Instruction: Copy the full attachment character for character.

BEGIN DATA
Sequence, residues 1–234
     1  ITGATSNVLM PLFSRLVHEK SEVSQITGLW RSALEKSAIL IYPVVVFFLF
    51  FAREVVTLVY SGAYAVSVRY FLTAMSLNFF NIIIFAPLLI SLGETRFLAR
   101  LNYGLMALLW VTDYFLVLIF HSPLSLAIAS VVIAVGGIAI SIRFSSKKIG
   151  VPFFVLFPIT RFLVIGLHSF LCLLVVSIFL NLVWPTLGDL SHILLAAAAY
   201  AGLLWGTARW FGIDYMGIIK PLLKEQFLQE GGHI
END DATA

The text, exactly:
Sequence, residues 1–234
     1  ITGATSNVLM PLFSRLVHEK SEVSQITGLW RSALEKSAIL IYPVVVFFLF
    51  FAREVVTLVY SGAYAVSVRY FLTAMSLNFF NIIIFAPLLI SLGETRFLAR
   101  LNYGLMALLW VTDYFLVLIF HSPLSLAIAS VVIAVGGIAI SIRFSSKKIG
   151  VPFFVLFPIT RFLVIGLHSF LCLLVVSIFL NLVWPTLGDL SHILLAAAAY
   201  AGLLWGTARW FGIDYMGIIK PLLKEQFLQE GGHI